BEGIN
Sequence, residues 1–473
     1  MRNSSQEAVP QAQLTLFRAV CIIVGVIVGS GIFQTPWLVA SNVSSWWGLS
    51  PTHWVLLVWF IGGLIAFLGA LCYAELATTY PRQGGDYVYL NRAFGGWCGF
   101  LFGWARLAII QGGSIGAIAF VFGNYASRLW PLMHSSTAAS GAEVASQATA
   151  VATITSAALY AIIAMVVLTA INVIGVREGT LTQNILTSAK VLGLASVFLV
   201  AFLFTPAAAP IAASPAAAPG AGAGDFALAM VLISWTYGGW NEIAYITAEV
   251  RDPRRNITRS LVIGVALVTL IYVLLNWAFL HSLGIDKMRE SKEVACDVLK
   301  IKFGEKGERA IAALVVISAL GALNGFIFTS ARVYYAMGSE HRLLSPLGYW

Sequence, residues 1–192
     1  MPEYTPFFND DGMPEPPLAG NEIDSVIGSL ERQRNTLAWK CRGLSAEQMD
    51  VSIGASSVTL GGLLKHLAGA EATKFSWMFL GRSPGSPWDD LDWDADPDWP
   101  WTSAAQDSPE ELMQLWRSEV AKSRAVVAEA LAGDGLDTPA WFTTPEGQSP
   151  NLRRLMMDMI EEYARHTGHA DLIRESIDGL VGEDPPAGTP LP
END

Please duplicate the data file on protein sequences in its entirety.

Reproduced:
Sequence, residues 1–473
     1  MRNSSQEAVP QAQLTLFRAV CIIVGVIVGS GIFQTPWLVA SNVSSWWGLS
    51  PTHWVLLVWF IGGLIAFLGA LCYAELATTY PRQGGDYVYL NRAFGGWCGF
   101  LFGWARLAII QGGSIGAIAF VFGNYASRLW PLMHSSTAAS GAEVASQATA
   151  VATITSAALY AIIAMVVLTA INVIGVREGT LTQNILTSAK VLGLASVFLV
   201  AFLFTPAAAP IAASPAAAPG AGAGDFALAM VLISWTYGGW NEIAYITAEV
   251  RDPRRNITRS LVIGVALVTL IYVLLNWAFL HSLGIDKMRE SKEVACDVLK
   301  IKFGEKGERA IAALVVISAL GALNGFIFTS ARVYYAMGSE HRLLSPLGYW

Sequence, residues 1–192
     1  MPEYTPFFND DGMPEPPLAG NEIDSVIGSL ERQRNTLAWK CRGLSAEQMD
    51  VSIGASSVTL GGLLKHLAGA EATKFSWMFL GRSPGSPWDD LDWDADPDWP
   101  WTSAAQDSPE ELMQLWRSEV AKSRAVVAEA LAGDGLDTPA WFTTPEGQSP
   151  NLRRLMMDMI EEYARHTGHA DLIRESIDGL VGEDPPAGTP LP